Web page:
Use of data and information in reverse logistics
Vendors are now looking for a trusted third-party platform that can be used to help sort and process returns. Having a centralized location for data processing can help you economically handle returns and liquidate any inventory that is left behind. Businesses can still grow with a low baseline as long as the cost of returns is reduced. Having a centralized location for data makes this much more manageable.

Suppliers can use elements like sensors and connectivity to monitor problems in the field, fix problems within their products, and repair those problems to minimize the speed at which customers return products. Products can also be connected to software and operating systems that allow vendors and manufacturers to update them from anywhere. Hardware and components that are easy to replace can be shipped to customers as soon as a problem is detected so customers can complete self-repairs. This process alleviates the need to return products in full. On the back end, making better use of existing data gives companies the tools they need to predict when returns will occur. They can track the volume of returns, what condition the products were in when they were returned, why the products were returned, and the dollar amount. By having all this information in one place, suppliers can predict problems and predict the condition of returned merchandise so they can plan accordingly.

Also read our article on Ways to use AI for supply chain optimization

Challenges and logistics solutions in reverse logistics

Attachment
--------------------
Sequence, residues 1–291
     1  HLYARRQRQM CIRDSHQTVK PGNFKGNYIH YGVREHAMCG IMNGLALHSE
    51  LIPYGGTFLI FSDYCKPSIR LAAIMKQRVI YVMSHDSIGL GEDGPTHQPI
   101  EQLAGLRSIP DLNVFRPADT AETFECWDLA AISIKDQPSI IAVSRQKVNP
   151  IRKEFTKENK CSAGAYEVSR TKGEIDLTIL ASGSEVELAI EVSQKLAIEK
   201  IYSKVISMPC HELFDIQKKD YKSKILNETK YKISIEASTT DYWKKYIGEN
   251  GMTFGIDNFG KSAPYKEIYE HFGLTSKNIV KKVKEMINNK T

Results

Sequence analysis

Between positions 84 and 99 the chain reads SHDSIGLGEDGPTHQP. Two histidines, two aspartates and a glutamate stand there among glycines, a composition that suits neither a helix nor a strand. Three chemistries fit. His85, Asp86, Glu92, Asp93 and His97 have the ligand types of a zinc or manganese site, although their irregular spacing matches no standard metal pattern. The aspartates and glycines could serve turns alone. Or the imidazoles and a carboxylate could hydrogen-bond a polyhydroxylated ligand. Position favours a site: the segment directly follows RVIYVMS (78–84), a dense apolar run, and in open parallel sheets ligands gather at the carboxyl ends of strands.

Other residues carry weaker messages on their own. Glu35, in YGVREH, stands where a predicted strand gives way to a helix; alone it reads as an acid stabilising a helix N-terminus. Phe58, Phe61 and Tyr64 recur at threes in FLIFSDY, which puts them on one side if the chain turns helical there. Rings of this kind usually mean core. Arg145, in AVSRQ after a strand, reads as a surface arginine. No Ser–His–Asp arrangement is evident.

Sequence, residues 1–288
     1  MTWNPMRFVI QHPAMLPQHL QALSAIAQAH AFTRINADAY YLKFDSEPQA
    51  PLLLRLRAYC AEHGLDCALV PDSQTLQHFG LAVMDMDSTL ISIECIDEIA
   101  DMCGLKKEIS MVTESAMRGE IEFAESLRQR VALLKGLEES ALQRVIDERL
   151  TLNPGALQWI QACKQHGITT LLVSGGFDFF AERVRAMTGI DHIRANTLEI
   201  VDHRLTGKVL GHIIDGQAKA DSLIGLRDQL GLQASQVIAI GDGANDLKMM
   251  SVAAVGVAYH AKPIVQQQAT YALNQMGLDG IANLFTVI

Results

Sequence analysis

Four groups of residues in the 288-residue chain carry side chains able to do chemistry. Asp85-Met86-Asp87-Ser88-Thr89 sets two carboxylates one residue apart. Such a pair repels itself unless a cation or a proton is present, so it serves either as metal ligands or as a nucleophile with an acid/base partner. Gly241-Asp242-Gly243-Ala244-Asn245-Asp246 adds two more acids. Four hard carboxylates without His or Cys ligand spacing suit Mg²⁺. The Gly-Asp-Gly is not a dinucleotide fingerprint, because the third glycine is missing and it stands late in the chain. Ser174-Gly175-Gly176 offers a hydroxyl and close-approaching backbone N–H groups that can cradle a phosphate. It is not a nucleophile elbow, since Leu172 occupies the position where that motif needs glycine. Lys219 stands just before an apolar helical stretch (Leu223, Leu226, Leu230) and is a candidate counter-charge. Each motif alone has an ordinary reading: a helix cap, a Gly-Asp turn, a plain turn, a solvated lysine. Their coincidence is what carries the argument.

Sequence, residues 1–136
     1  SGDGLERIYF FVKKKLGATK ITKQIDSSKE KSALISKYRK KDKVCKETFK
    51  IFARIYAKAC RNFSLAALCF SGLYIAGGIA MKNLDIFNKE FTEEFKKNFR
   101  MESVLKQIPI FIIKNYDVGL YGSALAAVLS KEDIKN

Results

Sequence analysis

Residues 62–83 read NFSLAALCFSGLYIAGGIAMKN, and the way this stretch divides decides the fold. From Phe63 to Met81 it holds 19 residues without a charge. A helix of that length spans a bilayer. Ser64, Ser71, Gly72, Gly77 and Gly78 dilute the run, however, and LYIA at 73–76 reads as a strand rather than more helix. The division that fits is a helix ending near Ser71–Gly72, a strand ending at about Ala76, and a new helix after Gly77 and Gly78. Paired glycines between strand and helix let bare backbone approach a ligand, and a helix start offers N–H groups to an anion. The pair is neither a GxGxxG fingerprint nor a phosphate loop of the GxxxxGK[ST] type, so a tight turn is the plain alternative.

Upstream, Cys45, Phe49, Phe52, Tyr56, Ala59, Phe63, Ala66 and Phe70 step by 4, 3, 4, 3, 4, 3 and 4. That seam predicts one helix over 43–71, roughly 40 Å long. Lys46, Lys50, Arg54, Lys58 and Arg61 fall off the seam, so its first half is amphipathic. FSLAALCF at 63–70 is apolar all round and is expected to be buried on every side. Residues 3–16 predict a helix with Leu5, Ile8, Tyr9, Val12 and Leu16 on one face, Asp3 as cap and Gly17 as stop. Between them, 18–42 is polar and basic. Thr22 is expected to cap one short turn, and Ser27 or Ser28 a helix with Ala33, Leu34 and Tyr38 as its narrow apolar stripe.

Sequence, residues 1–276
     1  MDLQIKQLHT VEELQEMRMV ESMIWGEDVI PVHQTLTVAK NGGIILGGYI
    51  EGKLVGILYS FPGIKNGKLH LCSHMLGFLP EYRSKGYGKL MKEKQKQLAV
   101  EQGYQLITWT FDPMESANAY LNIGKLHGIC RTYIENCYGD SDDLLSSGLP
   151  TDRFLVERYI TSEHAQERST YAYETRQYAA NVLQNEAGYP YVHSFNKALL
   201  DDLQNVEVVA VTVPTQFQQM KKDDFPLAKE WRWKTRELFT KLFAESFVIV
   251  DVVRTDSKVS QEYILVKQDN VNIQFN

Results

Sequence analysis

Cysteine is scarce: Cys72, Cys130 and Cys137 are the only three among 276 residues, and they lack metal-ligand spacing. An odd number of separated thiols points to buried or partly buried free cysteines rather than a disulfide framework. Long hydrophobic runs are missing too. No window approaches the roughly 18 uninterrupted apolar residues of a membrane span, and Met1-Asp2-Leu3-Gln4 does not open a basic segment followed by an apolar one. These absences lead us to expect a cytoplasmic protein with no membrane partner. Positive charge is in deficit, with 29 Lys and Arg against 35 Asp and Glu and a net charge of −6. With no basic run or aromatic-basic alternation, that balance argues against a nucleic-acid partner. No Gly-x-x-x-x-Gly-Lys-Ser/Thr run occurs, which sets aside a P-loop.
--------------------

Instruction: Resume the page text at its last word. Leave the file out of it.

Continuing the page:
Using online shopping and delivery systems requires coordination within the retail community. There needs to be better handling of heavy and bulky products, after-sales service and responsiveness.

As more people continue to buy products online, the cost of transportation increases. Logistics is spending a total of $ 1.5 trillion on transit alone. Processing returns for larger items such as televisions, furniture, and equipment is not only challenging, but also very expensive due to transportation requirements. Suppliers are trying to reduce this cost by combining delivery and collection. Replacement items are shipped to the customer and the returned item is collected at the same time so that only one trip is required. New infrastructure is another alternative that helps improve returns efficiency, especially when existing facilities are expanded. It is very common for vendors to handle all their processing in a single facility when it would be better to separate facilities.

You need to respond to customers and, of course, some investment is required. With an increase in online customer purchases, the customer return rate has increased. Suppliers are working very hard and must continue to do so to address the increasing rate of return. There have to be areas where returns can be mitigated, predicted, and returned items can be resold, all of which work together to minimize cost.